Armchair tourists are the people that travel the world with their senses, with their minds. In some ways, we are all armchair tourists. We experience it when watch certain TV shows or movies, surfing the web, attending local international festivals, or even enjoying take-out. Armchair tourism brings us joy in our daily lives.
Moving to a new country changes your life.
Even if you stay for six months, and then turn around or move on because it wasn’t what you expected, you won’t be the same person as who you were when you arrived.
But the hardest time to leave is when you are still in the honeymoon phase, the process of falling in love with this new place, and external factors are in play.
There is a discrepancy between the places we visit and the places we live. When you visit Israel as a tourist, you will want to eat hummus and falafel, and drink Goldstar beer, no doubt. But the day-to-day life as an expat brings a realization of how similar we all are. In daily life in Israel, we drink Danish beer and eat pizza.
Finally, I said my last good-byes and line up to go through security. The weather was not looking good for flying, and I was nervous there would be issues with my flight being delayed. As it was, I was late getting to security, and the line was horrendously long. Thunder crashed outside. I wondered what await me across the ocean.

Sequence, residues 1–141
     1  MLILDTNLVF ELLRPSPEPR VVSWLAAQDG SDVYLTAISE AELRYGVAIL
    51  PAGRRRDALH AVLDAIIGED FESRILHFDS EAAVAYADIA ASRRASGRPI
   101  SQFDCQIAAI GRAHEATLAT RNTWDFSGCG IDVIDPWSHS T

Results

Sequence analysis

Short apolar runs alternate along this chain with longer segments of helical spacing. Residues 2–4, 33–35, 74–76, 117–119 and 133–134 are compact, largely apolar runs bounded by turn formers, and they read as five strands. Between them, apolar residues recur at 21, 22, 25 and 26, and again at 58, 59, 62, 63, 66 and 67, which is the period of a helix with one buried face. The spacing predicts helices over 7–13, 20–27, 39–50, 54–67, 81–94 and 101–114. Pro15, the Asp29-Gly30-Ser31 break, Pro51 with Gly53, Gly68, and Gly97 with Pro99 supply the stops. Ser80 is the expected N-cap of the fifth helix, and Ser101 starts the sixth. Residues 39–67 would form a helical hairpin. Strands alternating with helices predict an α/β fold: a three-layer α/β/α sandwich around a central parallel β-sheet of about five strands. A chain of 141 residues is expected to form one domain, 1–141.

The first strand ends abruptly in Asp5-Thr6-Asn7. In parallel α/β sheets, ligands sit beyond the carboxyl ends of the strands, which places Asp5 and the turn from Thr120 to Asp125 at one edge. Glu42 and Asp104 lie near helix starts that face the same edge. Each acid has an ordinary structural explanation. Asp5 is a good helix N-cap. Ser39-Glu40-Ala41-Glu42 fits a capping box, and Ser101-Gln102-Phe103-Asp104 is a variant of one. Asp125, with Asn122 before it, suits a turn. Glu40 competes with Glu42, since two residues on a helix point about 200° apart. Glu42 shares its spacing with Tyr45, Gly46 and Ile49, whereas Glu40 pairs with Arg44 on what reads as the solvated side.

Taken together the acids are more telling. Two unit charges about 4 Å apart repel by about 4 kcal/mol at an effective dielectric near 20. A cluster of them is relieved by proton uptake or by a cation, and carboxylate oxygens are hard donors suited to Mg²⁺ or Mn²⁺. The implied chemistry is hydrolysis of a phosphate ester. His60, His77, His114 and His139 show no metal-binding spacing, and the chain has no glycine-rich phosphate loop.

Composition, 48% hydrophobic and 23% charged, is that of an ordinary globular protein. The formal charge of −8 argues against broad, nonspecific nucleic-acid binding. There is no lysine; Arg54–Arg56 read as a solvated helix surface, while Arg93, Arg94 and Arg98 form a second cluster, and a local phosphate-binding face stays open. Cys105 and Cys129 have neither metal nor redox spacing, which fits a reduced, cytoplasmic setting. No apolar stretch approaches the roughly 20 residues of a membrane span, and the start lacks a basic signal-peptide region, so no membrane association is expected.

When Jewish kids make Aliyah, things feel so intense, urgent, wonderful, and real. When you arrive in Israel, you have that shiny new ID in your hand. People are singing and dancing in the airport. The young beach-goers in Tel Aviv are ridiculously attractive. Everyone you meet wants to know what your plans are to serve your new country.
Before we dive in, I cannot stress enough how amazing the employees at outdoor/camping gear stores are. I always have a million questions and want to learn about new technologies and products, and these people have gone above and beyond every 👏 single 👏 time 👏 Gear sales people are the MVP’s when you’re planning a trip.
I had always been told that Israel was the safe space for Jews, that Israel was perfect. That I should be scared of Arabs and not believe the lies anyone else might try to tell me. I had a few friends in high school with whom I debated the Israel topic, including a Muslim friend who confided that she didn’t believe everything her uncle was telling her. No one ever truly contested what I had been taught about Israel.
Then, of course, I went to college.